01. Hang Loose 4:45
02. Fencewalk 5:26
03. Hagalo 2:47
04. Don't Mess With People 3:43
05. Polk Street Carnival 6:06
06. Golden Stone 7:16
07. Out With the Boys 5:10
08. Moroccan Nights 6:43
Carlos Wilson (trombone, vocals)
Lou Wilson (trumpet, vocals)
Ric Wilson (sax, vocals)
Claude "Coffee" Cave (keyboards)
Omar Mesa (guitar)
Bundie Cenas (bass)
Charlie Padro (drums)
There are the usual strong funk tracks including the two hit singles from this album, the excellent Hang Loose with its superb organ and powerful brass section, the fantastic Fencewalk with plenty of wailing guitars and beefy-bleedy brass, the outstanding Don't Mess With People and its incredible syncopation (this must be the essence of prog funk), the longer Santana-esque Golden Stone and its constantly changing climates with its orgiastic organ, the ultra-smooth closing Morroccan Nights with its amazingly well orchestrated suite of instruments following one another.
However there are the more Caribbean-Latino track the nearly instrumental Hagalo (strong trumpet and vibes) or Polk Street Carnival (almost a pastiche, but I'm not sure this was intentional and overstays its welcome badly) and the crooner-like Out With The Boys (the quietest track of the album if you can believe it), all three tracks are bringing the average down a bit.
Just as good as its predecessor and not having that ill-advised theatrical Universal Rhythm, Composite Truth is one of those AfroAmerican gems that most white people don't suspect they ever existed, along with Cymande and Osibisa.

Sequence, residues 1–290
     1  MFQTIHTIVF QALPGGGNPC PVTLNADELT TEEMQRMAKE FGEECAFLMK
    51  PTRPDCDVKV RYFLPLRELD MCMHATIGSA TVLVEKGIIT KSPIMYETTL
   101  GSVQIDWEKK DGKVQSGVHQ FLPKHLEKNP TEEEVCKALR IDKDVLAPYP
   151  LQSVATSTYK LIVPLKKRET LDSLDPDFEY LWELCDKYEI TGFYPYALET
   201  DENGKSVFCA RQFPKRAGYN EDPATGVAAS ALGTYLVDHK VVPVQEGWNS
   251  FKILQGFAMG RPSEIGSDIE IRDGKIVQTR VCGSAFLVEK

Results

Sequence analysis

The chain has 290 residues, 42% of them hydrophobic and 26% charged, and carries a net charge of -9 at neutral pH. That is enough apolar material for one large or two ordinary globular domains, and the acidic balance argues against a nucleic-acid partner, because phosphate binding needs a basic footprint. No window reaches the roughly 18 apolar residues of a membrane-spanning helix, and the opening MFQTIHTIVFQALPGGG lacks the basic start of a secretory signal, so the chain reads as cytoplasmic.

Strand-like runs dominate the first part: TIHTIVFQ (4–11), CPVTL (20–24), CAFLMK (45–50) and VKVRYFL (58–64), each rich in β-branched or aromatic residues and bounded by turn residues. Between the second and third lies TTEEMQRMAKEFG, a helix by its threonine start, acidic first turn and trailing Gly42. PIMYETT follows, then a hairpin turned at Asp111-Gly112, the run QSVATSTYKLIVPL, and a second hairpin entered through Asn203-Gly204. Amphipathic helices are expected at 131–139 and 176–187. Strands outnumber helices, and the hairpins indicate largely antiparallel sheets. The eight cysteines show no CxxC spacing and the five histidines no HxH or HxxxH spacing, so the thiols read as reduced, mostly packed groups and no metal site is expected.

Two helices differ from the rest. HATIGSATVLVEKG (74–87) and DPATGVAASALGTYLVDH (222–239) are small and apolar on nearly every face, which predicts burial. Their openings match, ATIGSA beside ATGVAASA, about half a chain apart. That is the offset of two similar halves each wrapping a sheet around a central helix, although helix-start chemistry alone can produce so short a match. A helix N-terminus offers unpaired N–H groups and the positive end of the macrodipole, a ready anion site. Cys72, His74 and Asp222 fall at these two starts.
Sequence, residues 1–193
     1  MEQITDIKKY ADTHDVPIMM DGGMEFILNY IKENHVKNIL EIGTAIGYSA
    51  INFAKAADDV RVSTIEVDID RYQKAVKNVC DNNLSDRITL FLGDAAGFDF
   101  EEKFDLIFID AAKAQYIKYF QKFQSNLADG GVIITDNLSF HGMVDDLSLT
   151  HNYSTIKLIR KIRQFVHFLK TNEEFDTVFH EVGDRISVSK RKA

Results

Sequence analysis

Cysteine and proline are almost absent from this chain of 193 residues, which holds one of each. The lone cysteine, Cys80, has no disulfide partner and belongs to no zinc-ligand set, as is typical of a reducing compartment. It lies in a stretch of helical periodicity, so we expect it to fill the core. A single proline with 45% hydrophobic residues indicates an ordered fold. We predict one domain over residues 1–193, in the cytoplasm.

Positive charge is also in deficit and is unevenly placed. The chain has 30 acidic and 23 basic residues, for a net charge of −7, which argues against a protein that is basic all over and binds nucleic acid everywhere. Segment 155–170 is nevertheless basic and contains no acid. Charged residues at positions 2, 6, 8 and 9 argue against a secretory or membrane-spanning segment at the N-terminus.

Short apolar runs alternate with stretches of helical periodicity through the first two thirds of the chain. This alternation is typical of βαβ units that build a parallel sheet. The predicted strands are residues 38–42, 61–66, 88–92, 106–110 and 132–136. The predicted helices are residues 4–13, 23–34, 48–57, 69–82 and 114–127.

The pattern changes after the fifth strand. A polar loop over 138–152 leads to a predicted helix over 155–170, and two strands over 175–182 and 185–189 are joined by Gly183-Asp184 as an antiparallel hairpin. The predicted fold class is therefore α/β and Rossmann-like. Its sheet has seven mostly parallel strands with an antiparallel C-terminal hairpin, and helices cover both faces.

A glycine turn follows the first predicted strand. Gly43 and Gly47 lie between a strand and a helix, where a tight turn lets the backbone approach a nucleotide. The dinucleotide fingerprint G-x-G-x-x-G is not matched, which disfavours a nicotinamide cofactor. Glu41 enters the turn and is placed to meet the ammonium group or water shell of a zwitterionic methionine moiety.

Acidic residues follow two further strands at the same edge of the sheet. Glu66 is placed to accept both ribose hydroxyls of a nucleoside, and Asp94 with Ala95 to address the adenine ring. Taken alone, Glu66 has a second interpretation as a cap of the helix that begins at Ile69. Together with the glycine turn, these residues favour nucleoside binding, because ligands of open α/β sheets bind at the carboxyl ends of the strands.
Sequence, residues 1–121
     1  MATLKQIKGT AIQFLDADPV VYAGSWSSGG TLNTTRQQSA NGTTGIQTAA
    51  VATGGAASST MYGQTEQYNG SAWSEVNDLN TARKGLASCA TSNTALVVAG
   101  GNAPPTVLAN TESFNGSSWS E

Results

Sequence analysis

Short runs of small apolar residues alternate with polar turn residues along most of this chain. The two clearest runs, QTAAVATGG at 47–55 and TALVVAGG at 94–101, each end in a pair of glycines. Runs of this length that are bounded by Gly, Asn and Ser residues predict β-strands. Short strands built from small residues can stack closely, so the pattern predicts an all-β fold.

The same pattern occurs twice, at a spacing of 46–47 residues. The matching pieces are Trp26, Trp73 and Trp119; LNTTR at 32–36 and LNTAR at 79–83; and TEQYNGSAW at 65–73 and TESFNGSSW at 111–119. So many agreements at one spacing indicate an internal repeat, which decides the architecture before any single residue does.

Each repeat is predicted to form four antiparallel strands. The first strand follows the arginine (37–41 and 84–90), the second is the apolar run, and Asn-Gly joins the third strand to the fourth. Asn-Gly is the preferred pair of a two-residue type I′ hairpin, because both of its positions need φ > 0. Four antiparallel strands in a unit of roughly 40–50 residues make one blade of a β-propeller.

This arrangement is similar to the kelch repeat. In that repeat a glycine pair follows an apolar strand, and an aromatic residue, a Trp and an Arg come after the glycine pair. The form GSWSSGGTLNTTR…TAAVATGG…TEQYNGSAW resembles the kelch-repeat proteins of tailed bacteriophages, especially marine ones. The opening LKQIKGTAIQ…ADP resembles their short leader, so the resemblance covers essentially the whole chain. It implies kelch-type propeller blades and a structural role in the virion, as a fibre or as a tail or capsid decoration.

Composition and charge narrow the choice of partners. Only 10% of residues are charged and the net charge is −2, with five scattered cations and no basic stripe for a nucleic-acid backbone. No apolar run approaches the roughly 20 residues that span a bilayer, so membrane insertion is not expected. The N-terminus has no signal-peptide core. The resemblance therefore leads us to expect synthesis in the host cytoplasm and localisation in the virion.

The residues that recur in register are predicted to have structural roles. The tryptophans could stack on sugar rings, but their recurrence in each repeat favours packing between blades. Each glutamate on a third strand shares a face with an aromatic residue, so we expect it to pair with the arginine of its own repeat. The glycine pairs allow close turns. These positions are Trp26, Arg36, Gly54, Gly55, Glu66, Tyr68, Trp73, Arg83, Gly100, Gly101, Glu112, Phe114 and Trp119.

Composite Truth is Mandrill's most successful album, commercially as well as artistically. Although the band's sense of freewheeling experimentation had been tempered, its gradual transition to a straight-ahead funk band was made perfect with two of the biggest hits of its career: "Hang Loose" and "Fencewalk." "Hang Loose" is all over the place (in a good way), moving from a grooving funk jam to mid-tempo guitar skronk and back, all part of an impassioned call to peace. "Fencewalk" also had several transitions, with a crooning chorus and an extended middle section powered by heavy brass and a screaming guitar solo. Elsewhere, Mandrill turns in a very convincing impression of a salsa band ("Hágalo"), breaks into killer loose-groove funk ("Don't Mess With People," with a splendidly undecipherable vocal), and stumbles only with the long, rasta-fied San Francisco tribute "Polk Street Carnival," featuring a bass part that would make even a student smirk. (For such a strong band, Mandrill's basslines were often uncharacteristically weak.) In the main, the songs on Composite Truth were catchier than on its first two albums, and the band never appeared subservient to the sense of experimentation that had troubled it before. Even if on Composite Truth Mandrill sounded more like other funk bands of the time, no one could argue with the fact that the results were more exciting and consistent.